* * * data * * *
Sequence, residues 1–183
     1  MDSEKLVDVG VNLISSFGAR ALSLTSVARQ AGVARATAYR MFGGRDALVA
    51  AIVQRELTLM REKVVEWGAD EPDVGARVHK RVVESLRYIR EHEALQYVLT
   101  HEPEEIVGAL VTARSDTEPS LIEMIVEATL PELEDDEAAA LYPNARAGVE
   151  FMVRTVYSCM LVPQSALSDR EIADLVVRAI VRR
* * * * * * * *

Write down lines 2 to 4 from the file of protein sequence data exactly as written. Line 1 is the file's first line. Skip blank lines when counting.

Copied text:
     1  MDSEKLVDVG VNLISSFGAR ALSLTSVARQ AGVARATAYR MFGGRDALVA
    51  AIVQRELTLM REKVVEWGAD EPDVGARVHK RVVESLRYIR EHEALQYVLT
   101  HEPEEIVGAL VTARSDTEPS LIEMIVEATL PELEDDEAAA LYPNARAGVE